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Jonathon Shears

2 •• Display According to Barton and Bates, ‘the Victorians understood cultural identity as and through the collection, display and labelling of an array of objects’ (2013: p. 59). What was put on display in the Crystal Palace indicates something about what was materially valued by the Victorians but also about Victorian self-confidence in an ability to understand and portray the world around them. The commodities may not have been for purchase, and the Commissioners forbade pricing in the Palace, but there is no doubt that objects on display at the Great

in The Great Exhibition, 1851
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Paul Greenhalgh

example, that the ‘Times’ indexed them not under the standard heading ‘Science, Art, Music and Drama’, or even ‘Politics and Home Affairs’ but under ‘Empire and Foreign Affairs’. The extent of participation by any one nation would normally be gauged by the political, economic and strategic importance of the colonies involved. In the first instance, Britain set the pace for imperial display, before the

in Ephemeral vistas
Jasmine Allen

44 2 A multitude of displays [P]‌ainted glass is the one art treated with indifference –​its specimens are put about anywhere, without classification and without regard to place or distance. – Thomas Gambier Parry, 18671 The varied approaches to displaying stained glass, in both official exhibition buildings and unofficial private pavilions, demonstrated further uncertainty over its classification and display requirements. At these events, stained glass was presented in wide-​ ranging contexts, some of which were more effective and prominent than others

in Windows for the world
Jemma Field

3 Collecting and display In April 1619, Lady Anne Clifford (1590–1676) travelled to Denmark House to pay her respects to the recently deceased Stuart queen. Later recalling in her diary that she had dutifully ‘sat a good while there by the Queen’s corpse’, she added that she ‘then went into the privy galleries and showed my cousin Mary those fine delicate things there’.1 Although Clifford is regrettably circumspect in her description, her actions and comments are importantly suggestive of Anna of Denmark’s reputation as a collector who piqued the interest of her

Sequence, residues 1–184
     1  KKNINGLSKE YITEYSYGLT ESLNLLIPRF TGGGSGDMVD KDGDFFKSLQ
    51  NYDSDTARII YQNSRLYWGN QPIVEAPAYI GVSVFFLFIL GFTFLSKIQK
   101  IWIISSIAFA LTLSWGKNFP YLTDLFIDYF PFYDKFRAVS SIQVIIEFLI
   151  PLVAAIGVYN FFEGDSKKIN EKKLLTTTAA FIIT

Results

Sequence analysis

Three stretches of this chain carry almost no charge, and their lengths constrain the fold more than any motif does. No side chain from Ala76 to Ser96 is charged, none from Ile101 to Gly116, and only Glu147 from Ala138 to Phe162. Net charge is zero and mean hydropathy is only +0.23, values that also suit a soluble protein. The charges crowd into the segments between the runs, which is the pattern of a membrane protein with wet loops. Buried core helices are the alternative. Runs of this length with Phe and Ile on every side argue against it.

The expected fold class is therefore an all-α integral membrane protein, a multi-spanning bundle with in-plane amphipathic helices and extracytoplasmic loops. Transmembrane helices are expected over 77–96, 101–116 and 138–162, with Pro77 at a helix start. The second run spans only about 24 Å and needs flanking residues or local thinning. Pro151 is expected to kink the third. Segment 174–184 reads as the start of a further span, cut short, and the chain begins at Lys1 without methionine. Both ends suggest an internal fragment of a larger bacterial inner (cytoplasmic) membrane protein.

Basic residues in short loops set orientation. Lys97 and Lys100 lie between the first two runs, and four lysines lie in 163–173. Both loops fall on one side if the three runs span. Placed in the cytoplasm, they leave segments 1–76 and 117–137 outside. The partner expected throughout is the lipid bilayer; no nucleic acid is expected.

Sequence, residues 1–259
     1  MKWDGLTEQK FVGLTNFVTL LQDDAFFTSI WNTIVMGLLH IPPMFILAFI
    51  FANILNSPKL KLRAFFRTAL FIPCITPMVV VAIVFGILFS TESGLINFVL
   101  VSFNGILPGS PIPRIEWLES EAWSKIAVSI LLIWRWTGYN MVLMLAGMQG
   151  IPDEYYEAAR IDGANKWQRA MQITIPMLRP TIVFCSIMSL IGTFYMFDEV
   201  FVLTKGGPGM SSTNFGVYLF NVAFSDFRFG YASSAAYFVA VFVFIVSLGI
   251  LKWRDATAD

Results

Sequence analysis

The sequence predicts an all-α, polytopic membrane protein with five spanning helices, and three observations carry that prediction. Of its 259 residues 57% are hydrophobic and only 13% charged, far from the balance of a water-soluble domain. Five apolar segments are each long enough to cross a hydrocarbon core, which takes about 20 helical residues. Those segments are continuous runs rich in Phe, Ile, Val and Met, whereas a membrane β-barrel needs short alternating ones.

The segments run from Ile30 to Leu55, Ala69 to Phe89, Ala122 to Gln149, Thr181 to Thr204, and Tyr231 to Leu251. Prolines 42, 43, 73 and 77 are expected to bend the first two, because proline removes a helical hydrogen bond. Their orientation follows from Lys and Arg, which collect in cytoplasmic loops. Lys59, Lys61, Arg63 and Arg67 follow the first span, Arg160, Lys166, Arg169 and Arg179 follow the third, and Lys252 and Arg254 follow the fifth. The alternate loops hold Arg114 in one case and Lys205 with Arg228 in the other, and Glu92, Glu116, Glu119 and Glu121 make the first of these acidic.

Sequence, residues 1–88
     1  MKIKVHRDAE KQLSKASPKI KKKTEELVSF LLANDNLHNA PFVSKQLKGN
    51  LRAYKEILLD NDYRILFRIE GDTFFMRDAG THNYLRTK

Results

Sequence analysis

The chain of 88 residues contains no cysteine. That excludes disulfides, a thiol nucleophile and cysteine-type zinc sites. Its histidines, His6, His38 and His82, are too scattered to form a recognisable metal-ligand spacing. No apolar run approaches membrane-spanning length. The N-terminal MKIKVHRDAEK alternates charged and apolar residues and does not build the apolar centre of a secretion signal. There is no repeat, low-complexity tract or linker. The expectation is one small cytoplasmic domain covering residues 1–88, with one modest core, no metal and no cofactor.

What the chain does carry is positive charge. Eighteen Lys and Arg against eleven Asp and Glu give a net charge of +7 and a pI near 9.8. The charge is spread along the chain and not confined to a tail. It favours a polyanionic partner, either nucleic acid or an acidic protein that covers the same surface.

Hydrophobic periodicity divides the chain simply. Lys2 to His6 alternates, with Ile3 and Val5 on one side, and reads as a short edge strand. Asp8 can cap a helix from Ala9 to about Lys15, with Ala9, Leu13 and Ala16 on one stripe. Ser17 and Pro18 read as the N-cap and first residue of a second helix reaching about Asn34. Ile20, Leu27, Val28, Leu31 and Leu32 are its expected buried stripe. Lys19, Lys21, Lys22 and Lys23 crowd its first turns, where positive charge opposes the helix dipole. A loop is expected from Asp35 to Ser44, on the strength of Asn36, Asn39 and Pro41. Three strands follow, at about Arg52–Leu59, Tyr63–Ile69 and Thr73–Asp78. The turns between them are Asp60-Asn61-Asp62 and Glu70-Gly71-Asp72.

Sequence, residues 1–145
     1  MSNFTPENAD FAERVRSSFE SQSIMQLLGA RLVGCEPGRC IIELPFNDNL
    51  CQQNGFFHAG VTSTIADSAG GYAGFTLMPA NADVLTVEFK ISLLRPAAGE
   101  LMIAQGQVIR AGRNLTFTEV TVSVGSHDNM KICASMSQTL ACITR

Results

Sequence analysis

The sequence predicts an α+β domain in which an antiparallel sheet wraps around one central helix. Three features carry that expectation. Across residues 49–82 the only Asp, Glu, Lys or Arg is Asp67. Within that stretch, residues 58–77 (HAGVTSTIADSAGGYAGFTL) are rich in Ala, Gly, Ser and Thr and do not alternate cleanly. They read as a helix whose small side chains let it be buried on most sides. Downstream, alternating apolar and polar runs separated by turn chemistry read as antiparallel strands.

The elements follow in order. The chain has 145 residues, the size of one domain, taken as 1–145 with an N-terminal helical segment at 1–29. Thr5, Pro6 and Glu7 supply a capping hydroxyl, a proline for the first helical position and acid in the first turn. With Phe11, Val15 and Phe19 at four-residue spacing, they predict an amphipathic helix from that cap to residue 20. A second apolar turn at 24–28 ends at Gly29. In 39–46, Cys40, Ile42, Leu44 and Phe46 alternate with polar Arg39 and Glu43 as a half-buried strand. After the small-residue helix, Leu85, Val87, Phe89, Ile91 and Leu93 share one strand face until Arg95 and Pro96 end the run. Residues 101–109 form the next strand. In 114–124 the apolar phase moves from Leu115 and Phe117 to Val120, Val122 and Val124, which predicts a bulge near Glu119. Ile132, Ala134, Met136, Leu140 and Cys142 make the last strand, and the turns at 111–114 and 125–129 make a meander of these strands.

in Anna of Denmark
The disposal of bodies in the 1994 Rwandan genocide
Nigel Eltringham

8 Display, concealment and ‘culture’: the disposal of bodies in the 1994 Rwandan genocide Nigel Eltringham Introduction In their ethnography of violent conflict, ‘cultures of terror’ 1 and genocide, anthropologists have recognized that violence is discursive. The victim’s body is a key vehicle of that discourse. In contexts of inter-ethnic violence, for example, ante-mortem degradation and/or post-mortem mutilation are employed to transform the victim’s body into a representative example of the ethnic category, the manipulation of the body enabling the

in Human remains and mass violence
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Elisabeth Bronfen

dead body should not be touched by members of the other sex, and above all that Lovelace not be permitted to see her corpse unconditionally: ‘but if … as I am nobody’s, he insist upon viewing her dead whom he ONCE before saw in a manner dead, let his gay curiosity be gratified.’ (IV.416) By pointing to the analogy between her displayed dead body and its

in Over her dead body
Fintan Cullen

Recognition of the relationship between Ireland’s colonial status in the nineteenth century and the display of art and material culture is slowly gaining ground in scholarly research. 1 In a recent publication on the early history of what is now the National Museum of Ireland in Dublin, its present director has usefully reminded us that, at the end of the nineteenth

in Cultural identities and the aesthetics of Britishness
Angela Stienne

, a museum is an exclusionary space. As with the collection of Henry Wellcome, displays of world arts and world cultures were not created to celebrate differences, but rather to demonstrate them. And yet, every year this museum’s programming of inclusive events climaxes in a day of gatherings and celebrations in the museum rooms; the courtyard; and the pedestrian walkway, New Walk. 2 Attached to the iron gates, a sign

in Mummified
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Magistrates, doctors and families, 1840–70
Catherine Cox

4 Insanity on display: Magistrates, doctors and families, 1840–70 In May 1849, Mathew W. appeared before a Carlow petty session hearing charged with seriously assaulting his stepdaughter, Eliza B. Eliza was attacked while trying to protect her mother from Mathew. Evidence of Mathew’s ‘dangerous character’ was provided by several witnesses and during the hearing it emerged that he had been previously confined in an asylum. William Duckett, the presiding magistrate and a governor at Carlow asylum, informed the court that Eliza had called upon him six weeks earlier

in Negotiating insanity in the southeast of Ireland, 1820–1900